Leadership 101

The South is not known for great leadership. Typically it is too hot and cotton doesn’t grow any faster no matter who’s in charge. In fact, the only leader worth mentioning around here is George Custer; that famed leader who boldly lead the charge against the combined Native American forces at Little Big Horn because his intelligence suggested that they had weapons of mass destruction and had to be wiped from the face of the earth. After the war, Custer wrote a book about how, even though no WMD’s were found, it was still the most awesome war ever.

With such historic examples to draw from, it is perhaps unsurprising that our current Fearless Leaders sometimes find themselves searching for guidance. I just passed one of the junior FL’s in the hallway with a copy of “Leadership for Dummies” tucked securely under their arm. Because of this, I’m going to offer my completely unsolicited advice on how to Fearlessly Lead this Tower of Torpor into a better, brighter, and less fattening future over the next few posts.

In this post, I want to very quickly outline the current Leadership Style here at the Tower. Before I begin, you must understand that most Leadership Styles involve a rather straight-line approach, which is to say that a question arises, is explored, and then resolved. Since this is an enlightened workplace however, our decision-making paradigm is more circular. I only mention this in an attempt to ward off any confusion amongst my non-teaching readers.

All decisions begin with an Idea. The Idea can come from anywhere and it might consist of anything (or nothing) at all. In fact, the only requirement for the Idea is that it’s validity or relevance may not be at any time called into question once the Idea has been had. Ideas frequently appear in response to Problems, but it has also been hypothesized (among the wise, at least) that the appearance of Ideas actually creates the opposite Problem. Since the time between the appearance of an Idea and it’s attendant Problem is so small, causality hasn’t quite been proven, but researchers are working on it as we speak.

Regardless of the Idea, each one must be carefully scrutinized by hand-picked members of the staff who agree with the Idea in order to determine if it should be implemented.  Interestingly, the number of Ideas that make it through this stage is something on the order of 98%. Clearly this just goes to demonstrate how amazing our Ideas are!

Once the Idea makes it out of committee, it is then put before the entire Staff during a faculty meeting where people who are for the Idea are asked to vote “Aye” by snoring an E flat in the octave of their choice.

After any new Idea is put into place it will immediately become obvious that certain minor tweaks and changes need to be made in order for it to become truly effective. The only changes not considered (or indeed, tried) will be those that involve squashing the Idea and pretending that it was all just a bad dream. In deciding which changes to the Idea to enact first, the Fearless Leaders will debate amongst themselves until a deadlock is reached, and then they will appoint several committees to review the proposed changes.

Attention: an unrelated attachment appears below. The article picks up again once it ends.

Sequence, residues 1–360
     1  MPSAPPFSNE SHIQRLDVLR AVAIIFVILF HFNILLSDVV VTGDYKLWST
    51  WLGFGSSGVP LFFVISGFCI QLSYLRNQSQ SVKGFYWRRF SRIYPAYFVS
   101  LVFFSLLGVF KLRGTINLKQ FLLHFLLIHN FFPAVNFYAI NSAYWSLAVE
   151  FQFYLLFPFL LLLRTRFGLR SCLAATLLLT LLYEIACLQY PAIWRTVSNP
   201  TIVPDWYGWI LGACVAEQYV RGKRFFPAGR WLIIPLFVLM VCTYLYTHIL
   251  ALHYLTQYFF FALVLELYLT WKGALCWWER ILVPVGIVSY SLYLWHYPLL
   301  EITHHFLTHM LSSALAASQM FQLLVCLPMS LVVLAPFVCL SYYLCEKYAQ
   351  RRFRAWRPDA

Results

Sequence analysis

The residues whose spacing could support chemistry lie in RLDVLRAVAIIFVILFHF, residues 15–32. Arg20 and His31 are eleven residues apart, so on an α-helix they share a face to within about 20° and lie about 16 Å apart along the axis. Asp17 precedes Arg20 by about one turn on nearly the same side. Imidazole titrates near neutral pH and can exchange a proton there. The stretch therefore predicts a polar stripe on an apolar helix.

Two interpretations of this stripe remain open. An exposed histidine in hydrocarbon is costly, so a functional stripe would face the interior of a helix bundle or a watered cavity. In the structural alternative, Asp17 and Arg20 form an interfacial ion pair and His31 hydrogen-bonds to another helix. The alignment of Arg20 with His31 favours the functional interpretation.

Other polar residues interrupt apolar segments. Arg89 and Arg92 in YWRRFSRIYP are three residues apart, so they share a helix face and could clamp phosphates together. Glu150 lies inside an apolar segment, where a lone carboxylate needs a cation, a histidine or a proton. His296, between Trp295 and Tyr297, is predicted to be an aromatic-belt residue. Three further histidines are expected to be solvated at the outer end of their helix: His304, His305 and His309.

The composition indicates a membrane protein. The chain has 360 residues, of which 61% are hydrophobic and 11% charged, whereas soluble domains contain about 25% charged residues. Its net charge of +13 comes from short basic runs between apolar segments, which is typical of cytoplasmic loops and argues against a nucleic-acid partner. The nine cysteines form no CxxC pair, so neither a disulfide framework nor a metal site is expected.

These committees will meet almost continuously until they agree with the decision of the Head Fearless Leader or until they shave their heads and become Buddhist monks; whichever comes first.

At this point the Head Fearless Leader will apply Indian Arm Burns to different staff members until someone agrees to present the changes to the Idea to the staff, where they will inform the staff that they are to vote for the changes.

Generally after this happens some time will pass (perhaps 4 days or so) until the staff begins to feel that this Idea sucks and should crawl into a hole somewhere and die alone and uncomforted. It is usually about this point that the Fearless Leaders, sensing the feelings of the staff, have a luncheon.


One thought on “Leadership 101

  1. Dayna

    Did you write this before or after the new testing schedule? Oh what does it matter, it always happens this way. You could have been speaking about anything!


Leave a Reply

Fill in your details below or click an icon to log in:

WordPress.com Logo

You are commenting using your WordPress.com account. Log Out /  Change )

Google+ photo

You are commenting using your Google+ account. Log Out /  Change )

Twitter picture

You are commenting using your Twitter account. Log Out /  Change )

Facebook photo

You are commenting using your Facebook account. Log Out /  Change )


Connecting to %s